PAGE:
Off-Road Bits – Part 3: Rear Shock

by betty.k


You’ll need a screw first, roughly this size. This screw is from a bike valve, but the important thing is that the thread covers the bottom half of the shaft and that the top has a head.


Find some scrap plastic. If it has a hole in it that the screw can screw into, that would be easier but it’s not necessary.


That’s all you need. Just a small block of plastic that screws onto the tip of the screw.


Cut a short section of tubing from a wd40 can, and find some strong wire such as a paperclip. The paperclip should move freely inside the tubing, but with minimal play.


Using a file, concrete, sand paper, whatever, shape the plastic block with a rounded end on one side and a bit of a groove cut at a 90 degree angle to the screw on the other. The groove is for the tubing to rest in.


Using blu tack as a jig, place the tubing horizontally, then the screw/plastic assembly on top vertically, with the groove in the plastic resting on the tubing. Make sure the screw and tubing are at right angles with each other, leaving the paperclip shaft in makes this easier. Apply good quality superglue to the plastic/tubing join and allow to dry. Don’t let ANY glue go into the tubing.


When dry, remove from the blu tack and apply more glue to the join and all the way around the tubing, being careful to avoid getting any glue inside the tubing.


See? Lots’a glue outside the tubing, none inside.


I’ve prepared this chassis for a dual cell. Find 2 short flat strips of plastic, and make sure the pivot rail (paperclip) is a little wider than the chassis, say 1.5 – 2mm.


Shape the plastic strips like this. A wide end and a narrow end. Make a hole in the narrow end that the pivot rail can fit snugly in.


Glue a plastic strip onto the chassis by the wide end so the hole sits back about 1.5mm from the end of the chassis and up about .5mm.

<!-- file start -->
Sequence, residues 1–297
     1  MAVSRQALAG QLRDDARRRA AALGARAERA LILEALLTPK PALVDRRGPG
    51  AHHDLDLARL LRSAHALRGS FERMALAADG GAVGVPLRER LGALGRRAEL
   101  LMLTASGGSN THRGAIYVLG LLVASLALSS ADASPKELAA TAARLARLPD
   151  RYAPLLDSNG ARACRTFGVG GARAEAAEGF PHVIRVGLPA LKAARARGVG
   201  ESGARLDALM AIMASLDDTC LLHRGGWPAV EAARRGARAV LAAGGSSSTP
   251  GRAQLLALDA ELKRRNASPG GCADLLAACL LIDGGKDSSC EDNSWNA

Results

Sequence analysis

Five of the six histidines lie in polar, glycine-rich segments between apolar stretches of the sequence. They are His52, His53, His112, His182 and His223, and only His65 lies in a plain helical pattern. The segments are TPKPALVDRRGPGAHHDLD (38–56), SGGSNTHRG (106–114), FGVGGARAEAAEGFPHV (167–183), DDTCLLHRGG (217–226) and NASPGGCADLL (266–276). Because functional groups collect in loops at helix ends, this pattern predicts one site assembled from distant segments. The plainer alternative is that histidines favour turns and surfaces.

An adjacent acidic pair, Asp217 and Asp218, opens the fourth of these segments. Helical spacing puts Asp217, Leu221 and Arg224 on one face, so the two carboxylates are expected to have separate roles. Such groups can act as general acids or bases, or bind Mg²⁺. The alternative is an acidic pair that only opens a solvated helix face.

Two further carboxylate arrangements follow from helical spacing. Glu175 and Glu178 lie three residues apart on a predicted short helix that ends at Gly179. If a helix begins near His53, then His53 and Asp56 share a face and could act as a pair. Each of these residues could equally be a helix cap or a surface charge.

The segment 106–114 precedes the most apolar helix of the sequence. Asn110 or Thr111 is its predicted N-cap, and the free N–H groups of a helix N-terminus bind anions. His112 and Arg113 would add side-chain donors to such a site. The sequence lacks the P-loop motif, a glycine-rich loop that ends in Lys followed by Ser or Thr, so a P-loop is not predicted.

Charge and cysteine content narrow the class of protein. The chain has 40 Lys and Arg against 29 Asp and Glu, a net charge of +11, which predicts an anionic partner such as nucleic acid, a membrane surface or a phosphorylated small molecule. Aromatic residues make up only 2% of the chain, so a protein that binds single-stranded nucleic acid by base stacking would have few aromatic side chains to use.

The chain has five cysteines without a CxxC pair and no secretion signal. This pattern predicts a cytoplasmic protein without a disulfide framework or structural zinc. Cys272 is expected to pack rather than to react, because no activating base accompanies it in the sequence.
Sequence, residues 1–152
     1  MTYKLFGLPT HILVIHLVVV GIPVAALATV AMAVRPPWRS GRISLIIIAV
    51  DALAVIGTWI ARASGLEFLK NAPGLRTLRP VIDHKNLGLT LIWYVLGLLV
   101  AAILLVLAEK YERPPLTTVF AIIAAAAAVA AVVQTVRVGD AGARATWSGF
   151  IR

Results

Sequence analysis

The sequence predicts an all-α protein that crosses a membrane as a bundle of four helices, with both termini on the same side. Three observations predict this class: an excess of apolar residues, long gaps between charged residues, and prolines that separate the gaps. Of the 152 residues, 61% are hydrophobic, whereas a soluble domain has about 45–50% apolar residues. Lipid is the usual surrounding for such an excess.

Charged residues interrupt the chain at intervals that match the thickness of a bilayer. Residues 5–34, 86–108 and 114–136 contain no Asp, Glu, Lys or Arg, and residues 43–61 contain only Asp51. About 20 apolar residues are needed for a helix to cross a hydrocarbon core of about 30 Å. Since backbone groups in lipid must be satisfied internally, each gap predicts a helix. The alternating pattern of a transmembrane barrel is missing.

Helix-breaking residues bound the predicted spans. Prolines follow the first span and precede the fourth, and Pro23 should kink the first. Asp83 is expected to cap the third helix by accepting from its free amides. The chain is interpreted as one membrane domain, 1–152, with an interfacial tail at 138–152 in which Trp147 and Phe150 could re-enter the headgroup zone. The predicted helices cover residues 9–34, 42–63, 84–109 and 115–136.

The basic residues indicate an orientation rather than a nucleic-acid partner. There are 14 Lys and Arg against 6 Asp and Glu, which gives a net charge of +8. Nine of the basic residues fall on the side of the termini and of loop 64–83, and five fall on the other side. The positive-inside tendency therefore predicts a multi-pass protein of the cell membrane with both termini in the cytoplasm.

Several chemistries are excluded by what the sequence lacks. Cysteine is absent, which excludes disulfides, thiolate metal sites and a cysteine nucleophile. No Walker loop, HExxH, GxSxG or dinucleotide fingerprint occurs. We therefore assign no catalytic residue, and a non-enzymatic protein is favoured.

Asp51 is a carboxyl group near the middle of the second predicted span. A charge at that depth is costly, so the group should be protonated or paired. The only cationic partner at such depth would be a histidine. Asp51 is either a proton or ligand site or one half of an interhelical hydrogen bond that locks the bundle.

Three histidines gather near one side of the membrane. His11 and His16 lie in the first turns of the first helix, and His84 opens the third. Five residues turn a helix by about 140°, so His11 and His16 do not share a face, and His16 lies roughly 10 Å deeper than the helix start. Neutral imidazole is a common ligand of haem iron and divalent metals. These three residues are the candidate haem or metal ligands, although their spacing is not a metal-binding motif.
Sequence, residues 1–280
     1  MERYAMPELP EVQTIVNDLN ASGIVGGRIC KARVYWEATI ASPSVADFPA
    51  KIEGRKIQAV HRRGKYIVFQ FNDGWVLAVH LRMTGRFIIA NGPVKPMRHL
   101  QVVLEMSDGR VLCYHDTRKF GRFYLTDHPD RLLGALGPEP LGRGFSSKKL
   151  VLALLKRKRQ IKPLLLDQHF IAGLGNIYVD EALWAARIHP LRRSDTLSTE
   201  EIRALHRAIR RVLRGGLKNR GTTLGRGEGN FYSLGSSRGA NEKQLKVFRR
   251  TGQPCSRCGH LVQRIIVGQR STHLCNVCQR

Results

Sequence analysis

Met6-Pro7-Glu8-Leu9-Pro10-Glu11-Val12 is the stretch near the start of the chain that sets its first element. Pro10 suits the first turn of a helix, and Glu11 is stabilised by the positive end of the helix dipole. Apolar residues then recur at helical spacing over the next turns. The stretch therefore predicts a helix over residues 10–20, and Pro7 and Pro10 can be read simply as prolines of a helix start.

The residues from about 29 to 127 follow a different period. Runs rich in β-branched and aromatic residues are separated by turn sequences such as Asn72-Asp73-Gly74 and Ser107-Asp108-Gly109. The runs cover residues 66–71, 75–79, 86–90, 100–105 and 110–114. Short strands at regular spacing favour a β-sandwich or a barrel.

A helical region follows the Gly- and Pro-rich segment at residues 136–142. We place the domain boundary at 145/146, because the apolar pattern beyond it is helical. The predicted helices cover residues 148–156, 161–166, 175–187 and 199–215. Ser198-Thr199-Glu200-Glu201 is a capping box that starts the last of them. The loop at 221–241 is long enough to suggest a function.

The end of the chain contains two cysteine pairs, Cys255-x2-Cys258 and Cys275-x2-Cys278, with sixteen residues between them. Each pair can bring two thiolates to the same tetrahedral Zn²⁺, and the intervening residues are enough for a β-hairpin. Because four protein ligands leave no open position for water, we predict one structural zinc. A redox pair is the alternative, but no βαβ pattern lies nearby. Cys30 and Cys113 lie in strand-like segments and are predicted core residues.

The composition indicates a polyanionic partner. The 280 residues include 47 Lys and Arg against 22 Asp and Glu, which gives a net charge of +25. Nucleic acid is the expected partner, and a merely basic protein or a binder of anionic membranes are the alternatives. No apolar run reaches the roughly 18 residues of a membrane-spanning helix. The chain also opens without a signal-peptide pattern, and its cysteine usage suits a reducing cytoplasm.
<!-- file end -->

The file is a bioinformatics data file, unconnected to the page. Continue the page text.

Slide the pivot rail into the plastic strips through the holes and use the rail as a reference so the second plastic strip is glued straight. The rail must be straight.


Slide the shock onto the pivot rail, insert the rail into the holes and glue the rail in place at each end. Make sure the shock shaft (screw) is on top.


Install the rear end with the heat sink in and line up the shock to see roughly where the screw head lines up on the heat sink.


Find a strip of metal and bend it like this. You need to make 1 hole big enough for the shock shaft to fit through but not the screw head. The other hole is for a screw.


Attach the metal bit on the heat sink, making sure the shock mount sticks up where the screw head lined up. This heat sink is aluminum, so I can’t get solder to stick to it. So I?ve screwed the shock mount on. But with a steel heat sink, I?d solder it in place.


More plastic. This is going to be the adjustment dial.


Nearly there! Install the heat sink, and poke the screw through the shock mount from the rear.


Slide your spring over the screw, then screw on the adjustment dial.


Screw the assembled shock into the pivot, and bang! You’re done!


The assembled rear end, uncompressed.


….and compressed. Preload is adjustable via the plastic dial.


Top, rear view.


Bottom left side. Now jam some FETS, a couple’a batteries, and some knobbies onto this sucker and hit tha’ dirt!

Next: Off-Road Bits – Part 4: Charging Solution

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